Recipe: Vietnamese Summer Rolls

Vietnamese Summer RollsMy goodness, what memories these summer rolls evoke. Setting up the long trestle table under the grapevines and forming a production line. Hot water, rice wrappers and a plate for each of the ingredients. My daughter and I laughed and drank ice tea as we made dozens and ate quite a few during the process. It was a magical morning, preparing for one of her important birthdays.

These rolls were not well known then. Today you can buy them easily, and the ingredients are much more traditional and available. This is the version that we made back then.

Vietnamese Summer Rolls

These can be adapted to include, well, whatever you like.

50g bean thread noodles 50g string-grated carrot 25g shredded mushrooms (e.g. oyster mushrooms)
15 g water chestnuts, chopped 3/4 cup beanshoots 2 – 3 Lebanese cucumbers, finely sliced into lengthwise strips
4 spring onions or 2 bunches Chinese chives 1/2 cup coriander leaves 1/2 cup Asian or English mint leaves
few basil leaves (you might like to use Thai Basil) rice wrappers
Sauce 2 parts chilli paste with soya bean oil 1 part sweet chilli sauce

To make the sauce: Combine the ingredients in a bowl, stirring until smooth and set aside.

To make the rolls: Place the bean thread noodles and carrots in separate bowls and pour boiling water over them. Allow to cool while preparing remaining ingredients.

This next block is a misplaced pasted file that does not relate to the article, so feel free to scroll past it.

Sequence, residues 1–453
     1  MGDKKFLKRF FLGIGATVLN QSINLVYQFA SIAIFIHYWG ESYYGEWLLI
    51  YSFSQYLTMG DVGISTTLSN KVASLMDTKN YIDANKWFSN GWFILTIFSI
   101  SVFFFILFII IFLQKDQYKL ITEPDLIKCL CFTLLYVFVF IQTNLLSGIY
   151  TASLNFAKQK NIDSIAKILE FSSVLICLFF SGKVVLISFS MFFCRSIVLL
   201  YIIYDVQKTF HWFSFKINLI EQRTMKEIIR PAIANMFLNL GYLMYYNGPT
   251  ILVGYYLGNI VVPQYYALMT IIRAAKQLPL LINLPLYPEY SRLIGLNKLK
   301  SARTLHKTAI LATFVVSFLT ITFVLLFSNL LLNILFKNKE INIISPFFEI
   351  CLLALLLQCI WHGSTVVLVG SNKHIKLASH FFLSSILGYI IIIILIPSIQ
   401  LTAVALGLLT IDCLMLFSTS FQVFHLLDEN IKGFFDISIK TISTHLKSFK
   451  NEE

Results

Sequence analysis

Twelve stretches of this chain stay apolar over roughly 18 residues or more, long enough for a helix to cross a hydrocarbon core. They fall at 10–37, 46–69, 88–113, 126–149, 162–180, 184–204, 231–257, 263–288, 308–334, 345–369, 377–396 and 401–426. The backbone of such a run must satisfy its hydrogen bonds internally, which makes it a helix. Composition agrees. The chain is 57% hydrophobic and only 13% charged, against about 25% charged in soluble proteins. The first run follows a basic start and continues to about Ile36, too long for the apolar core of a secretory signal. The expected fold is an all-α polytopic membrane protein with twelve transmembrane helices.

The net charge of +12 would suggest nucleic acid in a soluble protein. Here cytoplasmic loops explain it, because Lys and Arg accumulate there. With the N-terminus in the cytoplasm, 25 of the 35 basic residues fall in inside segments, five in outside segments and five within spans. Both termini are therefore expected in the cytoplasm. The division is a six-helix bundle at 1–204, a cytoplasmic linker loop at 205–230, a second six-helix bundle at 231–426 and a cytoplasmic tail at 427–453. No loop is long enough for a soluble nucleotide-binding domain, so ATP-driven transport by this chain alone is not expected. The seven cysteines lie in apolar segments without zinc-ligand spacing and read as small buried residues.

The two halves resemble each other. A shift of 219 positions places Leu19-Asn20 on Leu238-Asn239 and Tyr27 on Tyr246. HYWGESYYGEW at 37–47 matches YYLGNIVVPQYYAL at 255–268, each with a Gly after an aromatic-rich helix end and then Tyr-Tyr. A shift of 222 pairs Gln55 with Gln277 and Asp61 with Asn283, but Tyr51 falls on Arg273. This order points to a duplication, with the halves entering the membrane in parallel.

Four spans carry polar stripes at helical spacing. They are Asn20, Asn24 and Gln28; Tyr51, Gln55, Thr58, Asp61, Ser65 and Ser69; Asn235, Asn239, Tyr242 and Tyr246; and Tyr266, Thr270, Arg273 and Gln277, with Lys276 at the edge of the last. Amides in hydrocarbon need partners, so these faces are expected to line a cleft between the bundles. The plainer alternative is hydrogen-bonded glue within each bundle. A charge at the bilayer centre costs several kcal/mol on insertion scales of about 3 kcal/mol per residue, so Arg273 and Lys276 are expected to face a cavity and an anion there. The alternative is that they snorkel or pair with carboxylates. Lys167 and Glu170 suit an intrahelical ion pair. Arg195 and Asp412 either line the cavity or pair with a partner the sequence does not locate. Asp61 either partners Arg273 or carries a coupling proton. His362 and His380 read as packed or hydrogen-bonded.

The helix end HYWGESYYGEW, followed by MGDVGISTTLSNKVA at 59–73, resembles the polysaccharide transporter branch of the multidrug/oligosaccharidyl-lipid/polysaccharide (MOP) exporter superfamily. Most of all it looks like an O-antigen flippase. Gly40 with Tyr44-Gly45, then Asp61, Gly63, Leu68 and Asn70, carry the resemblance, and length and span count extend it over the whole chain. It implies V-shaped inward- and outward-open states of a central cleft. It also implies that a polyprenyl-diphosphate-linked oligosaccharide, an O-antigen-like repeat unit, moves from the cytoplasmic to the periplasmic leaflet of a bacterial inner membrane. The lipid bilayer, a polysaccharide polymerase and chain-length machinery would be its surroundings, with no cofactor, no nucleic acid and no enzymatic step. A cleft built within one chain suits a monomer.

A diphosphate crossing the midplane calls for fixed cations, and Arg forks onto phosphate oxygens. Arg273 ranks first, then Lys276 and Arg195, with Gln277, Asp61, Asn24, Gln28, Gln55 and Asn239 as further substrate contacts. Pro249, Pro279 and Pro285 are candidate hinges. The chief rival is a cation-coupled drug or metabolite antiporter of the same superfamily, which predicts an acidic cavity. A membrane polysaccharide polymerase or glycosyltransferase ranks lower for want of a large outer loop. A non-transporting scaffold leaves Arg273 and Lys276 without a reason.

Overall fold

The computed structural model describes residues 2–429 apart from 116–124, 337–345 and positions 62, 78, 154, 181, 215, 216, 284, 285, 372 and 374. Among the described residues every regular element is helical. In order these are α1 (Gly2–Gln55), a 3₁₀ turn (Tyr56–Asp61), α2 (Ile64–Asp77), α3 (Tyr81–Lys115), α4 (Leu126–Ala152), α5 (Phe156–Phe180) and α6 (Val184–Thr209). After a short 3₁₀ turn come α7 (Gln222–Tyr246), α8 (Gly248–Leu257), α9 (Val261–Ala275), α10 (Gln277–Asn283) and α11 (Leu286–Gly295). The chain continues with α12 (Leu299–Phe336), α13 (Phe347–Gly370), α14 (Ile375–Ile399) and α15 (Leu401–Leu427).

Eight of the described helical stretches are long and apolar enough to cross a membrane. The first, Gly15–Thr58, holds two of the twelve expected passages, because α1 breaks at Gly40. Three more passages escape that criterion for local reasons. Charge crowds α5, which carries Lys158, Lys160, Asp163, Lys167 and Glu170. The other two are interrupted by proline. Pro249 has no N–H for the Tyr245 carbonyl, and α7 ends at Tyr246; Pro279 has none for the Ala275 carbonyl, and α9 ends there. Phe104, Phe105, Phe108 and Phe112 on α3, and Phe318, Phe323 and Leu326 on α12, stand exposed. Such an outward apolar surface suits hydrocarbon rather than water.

In separate bowls, place the water chestnuts, spring onions or chives, coriander, chopped mint, basil, mushrooms and any other ingredients. Drain the noodles and carrot.

Fill a large shallow bowl or frypan with boiling water and dip each spring roll wrapper in briefly until softened, removing with tongs to a flat surface covered with a damp towel. Spread a little of the sauce over the surface, leaving a border uncovered, one third up from the lower edge and one third down one side. Take small amounts of each filling and place along the centre of the wrapper, and roll firmly, wrapping the ends inward before the last turn (the wrapping tends to stick to itself). Keep covered with a damp cloth.

They can be eaten cold, or steamed or microwaved gently. Serve with soy or sweet chilli sauce.




Feel free to browse other recipes from our Retro Recipes series. You might also liked our Asian recipes here and here.